Fix Python – What causes [*a] to overallocate?


Asked By – Stefan Pochmann

Apparently list(a) doesn’t overallocate, [x for x in a] overallocates at some points, and [*a] overallocates all the time?

Sizes up to n=100

Here are sizes n from 0 to 12 and the resulting sizes in bytes for the three methods:

0 56 56 56
1 64 88 88
2 72 88 96
3 80 88 104
4 88 88 112
5 96 120 120
6 104 120 128
7 112 120 136
8 120 120 152
9 128 184 184
10 136 184 192
11 144 184 200
12 152 184 208

Computed like this, reproducable at, using Python 3.8:

from sys import getsizeof

for n in range(13):
    a = [None] * n
    print(n, getsizeof(list(a)),
             getsizeof([x for x in a]),

So: How does this work? How does [*a] overallocate? Actually, what mechanism does it use to create the result list from the given input? Does it use an iterator over a and use something like list.append? Where is the source code?

(Colab with data and code that produced the images.)

Zooming in to smaller n:

Sizes up to n=40

Zooming out to larger n:

Sizes up to n=1000

Now we will see solution for issue: What causes [*a] to overallocate?


[*a] is internally doing the C equivalent of:

  1. Make a new, empty list
  2. Call newlist.extend(a)
  3. Returns list.

So if you expand your test to:

from sys import getsizeof

for n in range(13):
    a = [None] * n
    l = []
    print(n, getsizeof(list(a)),
             getsizeof([x for x in a]),

Try it online!

you’ll see the results for getsizeof([*a]) and l = []; l.extend(a); getsizeof(l) are the same.

This is usually the right thing to do; when extending you’re usually expecting to add more later, and similarly for generalized unpacking, it’s assumed that multiple things will be added one after the other. [*a] is not the normal case; Python assumes there are multiple items or iterables being added to the list ([*a, b, c, *d]), so overallocation saves work in the common case.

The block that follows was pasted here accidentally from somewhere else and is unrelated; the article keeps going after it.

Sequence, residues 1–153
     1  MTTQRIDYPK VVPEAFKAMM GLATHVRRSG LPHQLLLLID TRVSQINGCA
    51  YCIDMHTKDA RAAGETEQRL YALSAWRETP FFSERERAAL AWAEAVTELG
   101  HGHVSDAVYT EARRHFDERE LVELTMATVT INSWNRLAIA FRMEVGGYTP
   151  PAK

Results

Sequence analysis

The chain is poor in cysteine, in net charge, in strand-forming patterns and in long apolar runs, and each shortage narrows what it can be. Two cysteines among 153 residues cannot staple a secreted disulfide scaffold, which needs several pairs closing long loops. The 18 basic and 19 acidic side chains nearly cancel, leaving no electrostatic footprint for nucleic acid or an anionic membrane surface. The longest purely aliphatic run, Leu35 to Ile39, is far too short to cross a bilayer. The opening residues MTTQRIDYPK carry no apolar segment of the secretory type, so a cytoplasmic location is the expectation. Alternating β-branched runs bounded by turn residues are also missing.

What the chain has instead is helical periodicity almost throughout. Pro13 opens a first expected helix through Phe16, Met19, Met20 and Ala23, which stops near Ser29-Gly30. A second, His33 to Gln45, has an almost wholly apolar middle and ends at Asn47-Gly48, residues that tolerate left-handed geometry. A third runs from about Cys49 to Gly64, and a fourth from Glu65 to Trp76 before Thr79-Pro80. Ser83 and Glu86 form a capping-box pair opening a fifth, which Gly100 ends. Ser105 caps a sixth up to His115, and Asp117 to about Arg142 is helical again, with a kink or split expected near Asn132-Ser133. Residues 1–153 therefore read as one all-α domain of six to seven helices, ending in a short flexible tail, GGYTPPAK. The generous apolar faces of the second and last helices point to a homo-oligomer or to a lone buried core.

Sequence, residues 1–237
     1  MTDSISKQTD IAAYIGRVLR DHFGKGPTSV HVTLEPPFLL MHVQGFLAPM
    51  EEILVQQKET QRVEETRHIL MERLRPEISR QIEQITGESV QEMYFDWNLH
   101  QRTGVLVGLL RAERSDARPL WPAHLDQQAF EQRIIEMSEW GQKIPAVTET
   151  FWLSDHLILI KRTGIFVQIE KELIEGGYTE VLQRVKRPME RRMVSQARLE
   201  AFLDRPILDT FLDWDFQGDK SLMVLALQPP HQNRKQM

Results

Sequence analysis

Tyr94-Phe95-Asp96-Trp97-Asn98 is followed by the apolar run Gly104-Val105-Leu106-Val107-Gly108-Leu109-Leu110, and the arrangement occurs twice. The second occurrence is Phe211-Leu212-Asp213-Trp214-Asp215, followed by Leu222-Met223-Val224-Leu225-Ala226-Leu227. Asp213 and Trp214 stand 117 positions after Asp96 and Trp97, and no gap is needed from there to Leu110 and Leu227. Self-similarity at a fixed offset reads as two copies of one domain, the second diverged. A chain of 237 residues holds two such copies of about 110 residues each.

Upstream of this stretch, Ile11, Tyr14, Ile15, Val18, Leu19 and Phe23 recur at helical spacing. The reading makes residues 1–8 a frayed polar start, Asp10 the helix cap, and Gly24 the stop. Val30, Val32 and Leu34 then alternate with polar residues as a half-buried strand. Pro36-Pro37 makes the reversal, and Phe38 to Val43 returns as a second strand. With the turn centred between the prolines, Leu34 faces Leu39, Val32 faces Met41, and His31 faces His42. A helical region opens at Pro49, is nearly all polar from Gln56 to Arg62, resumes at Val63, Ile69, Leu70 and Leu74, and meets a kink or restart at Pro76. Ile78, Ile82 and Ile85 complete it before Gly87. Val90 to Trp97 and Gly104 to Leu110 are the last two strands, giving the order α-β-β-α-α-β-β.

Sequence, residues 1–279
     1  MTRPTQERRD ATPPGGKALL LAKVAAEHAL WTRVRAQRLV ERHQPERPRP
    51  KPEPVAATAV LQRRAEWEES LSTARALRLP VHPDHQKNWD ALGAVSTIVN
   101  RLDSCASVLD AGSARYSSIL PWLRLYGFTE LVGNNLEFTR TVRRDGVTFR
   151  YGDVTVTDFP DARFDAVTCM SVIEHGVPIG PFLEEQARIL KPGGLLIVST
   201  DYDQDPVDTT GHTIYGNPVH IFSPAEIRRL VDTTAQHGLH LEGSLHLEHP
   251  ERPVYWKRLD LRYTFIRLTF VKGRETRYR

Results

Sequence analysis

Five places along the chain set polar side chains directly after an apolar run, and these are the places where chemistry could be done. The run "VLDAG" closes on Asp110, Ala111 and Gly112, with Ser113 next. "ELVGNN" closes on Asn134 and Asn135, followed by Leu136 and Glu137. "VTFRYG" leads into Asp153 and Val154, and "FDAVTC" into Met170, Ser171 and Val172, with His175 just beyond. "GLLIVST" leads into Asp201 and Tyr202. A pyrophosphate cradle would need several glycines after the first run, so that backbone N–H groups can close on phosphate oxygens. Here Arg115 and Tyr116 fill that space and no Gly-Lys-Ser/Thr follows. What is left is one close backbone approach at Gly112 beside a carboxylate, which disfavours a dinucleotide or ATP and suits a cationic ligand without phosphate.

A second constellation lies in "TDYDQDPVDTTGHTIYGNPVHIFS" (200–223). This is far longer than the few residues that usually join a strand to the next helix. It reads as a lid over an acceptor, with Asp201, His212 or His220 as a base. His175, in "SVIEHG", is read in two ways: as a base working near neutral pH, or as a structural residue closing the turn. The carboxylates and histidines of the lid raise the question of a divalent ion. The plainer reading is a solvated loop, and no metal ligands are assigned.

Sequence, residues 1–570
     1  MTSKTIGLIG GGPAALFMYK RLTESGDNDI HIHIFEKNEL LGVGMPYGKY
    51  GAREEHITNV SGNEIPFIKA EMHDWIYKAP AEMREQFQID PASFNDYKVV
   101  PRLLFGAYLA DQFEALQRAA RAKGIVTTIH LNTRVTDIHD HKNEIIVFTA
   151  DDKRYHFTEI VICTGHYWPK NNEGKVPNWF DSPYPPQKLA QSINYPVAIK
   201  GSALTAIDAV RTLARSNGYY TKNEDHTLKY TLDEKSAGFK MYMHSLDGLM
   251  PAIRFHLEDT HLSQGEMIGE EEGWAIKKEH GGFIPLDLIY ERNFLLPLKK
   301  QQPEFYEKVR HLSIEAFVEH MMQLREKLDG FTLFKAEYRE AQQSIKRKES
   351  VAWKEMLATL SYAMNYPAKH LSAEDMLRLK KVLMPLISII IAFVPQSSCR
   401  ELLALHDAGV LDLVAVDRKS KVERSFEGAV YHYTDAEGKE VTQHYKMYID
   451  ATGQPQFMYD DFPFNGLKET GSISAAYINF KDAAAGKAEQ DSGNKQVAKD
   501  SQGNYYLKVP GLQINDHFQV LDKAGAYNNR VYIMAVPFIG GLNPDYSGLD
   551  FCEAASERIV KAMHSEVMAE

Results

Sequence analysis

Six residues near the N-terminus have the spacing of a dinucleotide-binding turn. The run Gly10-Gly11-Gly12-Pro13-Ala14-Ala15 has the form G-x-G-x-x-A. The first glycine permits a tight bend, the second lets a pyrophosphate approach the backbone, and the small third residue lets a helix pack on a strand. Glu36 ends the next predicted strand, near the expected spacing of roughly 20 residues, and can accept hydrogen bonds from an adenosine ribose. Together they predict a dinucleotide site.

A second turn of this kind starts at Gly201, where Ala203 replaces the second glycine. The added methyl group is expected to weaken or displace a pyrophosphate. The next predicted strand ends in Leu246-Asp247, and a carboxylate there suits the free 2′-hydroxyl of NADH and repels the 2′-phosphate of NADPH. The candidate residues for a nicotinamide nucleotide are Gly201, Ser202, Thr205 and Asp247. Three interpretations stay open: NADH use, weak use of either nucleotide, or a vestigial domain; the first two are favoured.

By contrast, a list constructed from a single, presized iterable (with list()) may not grow or shrink during use, and overallocating is premature until proven otherwise; Python recently fixed a bug that made the constructor overallocate even for inputs with known size.

As for list comprehensions, they’re effectively equivalent to repeated appends, so you’re seeing the final result of the normal overallocation growth pattern when adding an element at a time.

To be clear, none of this is a language guarantee. It’s just how CPython implements it. The Python language spec is generally unconcerned with specific growth patterns in list (aside from guaranteeing amortized O(1) appends and pops from the end). As noted in the comments, the specific implementation changes again in 3.9; while it won’t affect [*a], it could affect other cases where what used to be “build a temporary tuple of individual items and then extend with the tuple” now becomes multiple applications of LIST_APPEND, which can change when the overallocation occurs and what numbers go into the calculation.

This question is answered By – ShadowRanger

This answer is collected from stackoverflow and reviewed by FixPython community admins, is licensed under cc by-sa 2.5 , cc by-sa 3.0 and cc by-sa 4.0